If I had half a brain…
I’d be able to find my glasses.
“Ah.. Yes, here they are.”

   I am saying this out loud 

     through gritted teeth 

       that hold my glasses.

Now, mind you, I said, “half a brain.” 
There has been a myth that we  

   only use ten percent of our brains.
Some people still believe that myth

   the way they believe that Mr. Rogers 

      was a Green Beret,
          or a Navy Seal,
            or a Mine-Searching Dolphin.

They say Mr. Rogers wore his   
  long-sleeved cardigan
    to cover his tattoos.

Tom Hanks debunks
    this myth of Mr. Rogers.

What was I talking about?…

Right.  Half-a-brain.

Many scientists have debunked the

   ten percent brain myth, including        

     neurologist Barry Gordon at the
      Johns Hopkins School of Medicine.
Hmm… Johns Hopkins…
You know, for a long time 

   I thought it was possessive
      with an apostrophe:
          Johns Hopkins.

Like, “Hopkins” was a malady
    or a specialized field of study,
        one that John was especially
          passionate about.

I assure you
    this is really what I thought.
And I know this kind of thing is not   
    funny to anybody in 

       higher education,
        or medicine,
          and I’m sure as all get-out that
            it’s not funny to anybody
              in Baltimore.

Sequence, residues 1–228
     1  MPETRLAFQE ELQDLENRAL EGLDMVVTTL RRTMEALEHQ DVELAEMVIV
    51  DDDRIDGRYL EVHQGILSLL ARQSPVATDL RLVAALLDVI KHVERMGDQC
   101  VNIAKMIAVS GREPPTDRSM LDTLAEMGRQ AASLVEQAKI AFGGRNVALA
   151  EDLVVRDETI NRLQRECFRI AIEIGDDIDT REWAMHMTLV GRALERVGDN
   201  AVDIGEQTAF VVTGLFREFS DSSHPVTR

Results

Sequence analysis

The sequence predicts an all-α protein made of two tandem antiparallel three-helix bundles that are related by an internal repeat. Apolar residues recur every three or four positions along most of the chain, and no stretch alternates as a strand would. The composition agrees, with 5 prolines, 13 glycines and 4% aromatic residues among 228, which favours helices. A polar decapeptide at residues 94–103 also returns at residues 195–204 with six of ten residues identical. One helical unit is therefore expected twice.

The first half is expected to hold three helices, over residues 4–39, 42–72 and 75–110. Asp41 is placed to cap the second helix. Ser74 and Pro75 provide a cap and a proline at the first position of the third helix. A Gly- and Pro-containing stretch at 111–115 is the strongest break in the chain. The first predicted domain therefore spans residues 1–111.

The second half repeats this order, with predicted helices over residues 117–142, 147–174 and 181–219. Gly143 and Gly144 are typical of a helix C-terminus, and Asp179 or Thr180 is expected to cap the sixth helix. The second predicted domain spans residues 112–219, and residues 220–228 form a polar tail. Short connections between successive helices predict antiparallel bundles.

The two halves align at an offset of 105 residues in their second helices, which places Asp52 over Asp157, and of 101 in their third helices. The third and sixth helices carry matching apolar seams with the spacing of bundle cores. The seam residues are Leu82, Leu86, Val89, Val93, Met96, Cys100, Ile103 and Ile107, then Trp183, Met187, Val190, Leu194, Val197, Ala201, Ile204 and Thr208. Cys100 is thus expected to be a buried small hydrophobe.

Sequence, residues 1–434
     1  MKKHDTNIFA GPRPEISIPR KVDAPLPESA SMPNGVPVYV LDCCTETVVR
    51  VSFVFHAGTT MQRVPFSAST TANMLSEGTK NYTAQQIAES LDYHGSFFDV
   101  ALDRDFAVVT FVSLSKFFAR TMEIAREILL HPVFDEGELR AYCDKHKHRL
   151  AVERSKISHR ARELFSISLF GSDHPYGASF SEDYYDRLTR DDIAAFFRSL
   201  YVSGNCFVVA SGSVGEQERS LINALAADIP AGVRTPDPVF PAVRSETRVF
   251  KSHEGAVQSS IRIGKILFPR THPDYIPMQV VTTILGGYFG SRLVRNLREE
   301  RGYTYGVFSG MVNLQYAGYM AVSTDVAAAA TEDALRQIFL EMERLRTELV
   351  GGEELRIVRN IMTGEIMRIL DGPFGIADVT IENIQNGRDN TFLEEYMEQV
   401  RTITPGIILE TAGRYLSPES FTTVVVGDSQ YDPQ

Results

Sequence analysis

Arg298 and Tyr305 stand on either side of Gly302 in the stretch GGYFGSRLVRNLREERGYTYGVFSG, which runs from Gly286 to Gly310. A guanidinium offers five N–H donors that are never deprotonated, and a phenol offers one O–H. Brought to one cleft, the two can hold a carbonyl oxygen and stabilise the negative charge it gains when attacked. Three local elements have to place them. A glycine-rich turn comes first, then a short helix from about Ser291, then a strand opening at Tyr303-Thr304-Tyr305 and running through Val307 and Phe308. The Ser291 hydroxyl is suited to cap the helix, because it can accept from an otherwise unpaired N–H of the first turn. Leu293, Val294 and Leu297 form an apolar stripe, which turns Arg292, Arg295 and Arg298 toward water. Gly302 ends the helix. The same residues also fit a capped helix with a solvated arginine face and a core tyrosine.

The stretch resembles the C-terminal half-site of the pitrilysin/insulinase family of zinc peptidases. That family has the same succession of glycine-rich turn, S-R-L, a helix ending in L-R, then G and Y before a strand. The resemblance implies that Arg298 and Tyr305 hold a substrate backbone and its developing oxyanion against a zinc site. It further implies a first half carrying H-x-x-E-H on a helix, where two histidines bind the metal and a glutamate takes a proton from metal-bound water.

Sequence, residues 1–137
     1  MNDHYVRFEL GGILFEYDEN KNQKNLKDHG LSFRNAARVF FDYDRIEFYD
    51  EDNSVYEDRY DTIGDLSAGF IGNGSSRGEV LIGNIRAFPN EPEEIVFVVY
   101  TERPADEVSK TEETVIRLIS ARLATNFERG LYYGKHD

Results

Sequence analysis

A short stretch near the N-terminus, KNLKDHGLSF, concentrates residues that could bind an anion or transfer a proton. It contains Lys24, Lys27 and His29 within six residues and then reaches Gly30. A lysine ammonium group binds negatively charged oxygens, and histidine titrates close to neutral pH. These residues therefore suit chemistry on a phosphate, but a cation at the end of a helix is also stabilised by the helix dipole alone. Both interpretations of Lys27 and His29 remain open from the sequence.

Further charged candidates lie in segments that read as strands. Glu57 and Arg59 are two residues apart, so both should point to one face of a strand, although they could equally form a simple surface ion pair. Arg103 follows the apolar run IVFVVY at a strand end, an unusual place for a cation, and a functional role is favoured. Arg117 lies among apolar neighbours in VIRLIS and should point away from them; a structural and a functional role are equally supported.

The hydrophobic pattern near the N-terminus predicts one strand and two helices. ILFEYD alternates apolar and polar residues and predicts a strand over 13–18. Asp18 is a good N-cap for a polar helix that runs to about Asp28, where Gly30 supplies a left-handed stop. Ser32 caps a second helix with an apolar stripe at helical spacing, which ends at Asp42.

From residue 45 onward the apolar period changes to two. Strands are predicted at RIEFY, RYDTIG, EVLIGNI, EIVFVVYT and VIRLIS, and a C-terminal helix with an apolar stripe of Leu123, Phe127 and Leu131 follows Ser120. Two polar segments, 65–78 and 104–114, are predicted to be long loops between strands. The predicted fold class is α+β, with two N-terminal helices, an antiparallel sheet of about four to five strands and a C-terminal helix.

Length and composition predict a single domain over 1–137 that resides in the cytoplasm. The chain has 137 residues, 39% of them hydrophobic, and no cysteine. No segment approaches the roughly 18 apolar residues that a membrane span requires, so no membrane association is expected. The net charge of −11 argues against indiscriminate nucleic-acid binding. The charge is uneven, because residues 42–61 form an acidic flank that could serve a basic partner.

They’ve heard it all before and
    they roll their eyes,
      and they hate Johns Hopkins being
        made fun of. (Just as the great
          philanthropist and abolitionist
            himself hated being made
              fun of during his childhood
                for having a plural first name.)

So… Um…

Oh, yeah…

But say it’s true, 

    that ten-percent-brain thing.
Then if somebody’s only using
      that would be
          only five percent.

Maybe that’s it!
Maybe ninety-five percent of some
  brains are too busy pondering
      their own existence.
Brains like that are into themselves…
    and want to stay into themselves. 

One with such a brain only wants to be around 

   other brains just like it. 

Those brains aren’t really doing any work…

   ninety-five percent of the time. 

A brain housed in a human 

   such as that

       is hard to reach.

For such a brain
  the ten percent theory makes sense. 

(Or even my own — ahem — newly minted      five percent theory.)

(( DOUBLE parentheses:  Hmm… When I felt     compelled to boast, I felt the need to clear my throat. 

And I shined my nails on my shirt. 

Why does conceit require such shiny fingernails?))

A brain is as close to us as can be.
It can be no closer.
But it is caged and elusive,
    hidden forever from the eyes
        it, itself, controls.

Maybe our job is to lift those eyes. 

(And allow our fingernails their natural matte finish.)
Maybe we should lift our eyes 

   to other eyes powered by
      other brains.

(Serious Scientific-y public speaking voice — lots of reverb):
I propose we search for these
    new brains,
      housed in heads
          that our own observant brains
            might ascertain are from
                other lands!

Or just other neighborhoods.

Or just… other.

That’s a one hundred percent brain.

©Andy Offutt Irwin